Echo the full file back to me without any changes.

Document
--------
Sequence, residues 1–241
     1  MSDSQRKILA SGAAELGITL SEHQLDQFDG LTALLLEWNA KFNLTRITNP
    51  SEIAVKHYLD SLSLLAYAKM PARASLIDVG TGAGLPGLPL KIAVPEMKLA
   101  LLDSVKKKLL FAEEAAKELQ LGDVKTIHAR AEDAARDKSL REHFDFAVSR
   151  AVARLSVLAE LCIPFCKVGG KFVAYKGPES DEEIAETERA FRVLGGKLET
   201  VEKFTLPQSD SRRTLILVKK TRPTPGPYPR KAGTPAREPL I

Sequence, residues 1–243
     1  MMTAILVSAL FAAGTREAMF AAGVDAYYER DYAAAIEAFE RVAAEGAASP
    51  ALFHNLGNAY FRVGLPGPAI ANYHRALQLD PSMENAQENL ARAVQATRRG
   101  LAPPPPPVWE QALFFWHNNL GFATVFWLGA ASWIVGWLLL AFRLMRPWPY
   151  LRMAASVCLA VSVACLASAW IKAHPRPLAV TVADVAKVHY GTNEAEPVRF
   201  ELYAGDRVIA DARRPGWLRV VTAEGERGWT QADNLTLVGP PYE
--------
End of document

Sequence, residues 1–241
     1  MSDSQRKILA SGAAELGITL SEHQLDQFDG LTALLLEWNA KFNLTRITNP
    51  SEIAVKHYLD SLSLLAYAKM PARASLIDVG TGAGLPGLPL KIAVPEMKLA
   101  LLDSVKKKLL FAEEAAKELQ LGDVKTIHAR AEDAARDKSL REHFDFAVSR
   151  AVARLSVLAE LCIPFCKVGG KFVAYKGPES DEEIAETERA FRVLGGKLET
   201  VEKFTLPQSD SRRTLILVKK TRPTPGPYPR KAGTPAREPL I

Sequence, residues 1–243
     1  MMTAILVSAL FAAGTREAMF AAGVDAYYER DYAAAIEAFE RVAAEGAASP
    51  ALFHNLGNAY FRVGLPGPAI ANYHRALQLD PSMENAQENL ARAVQATRRG
   101  LAPPPPPVWE QALFFWHNNL GFATVFWLGA ASWIVGWLLL AFRLMRPWPY
   151  LRMAASVCLA VSVACLASAW IKAHPRPLAV TVADVAKVHY GTNEAEPVRF
   201  ELYAGDRVIA DARRPGWLRV VTAEGERGWT QADNLTLVGP PYE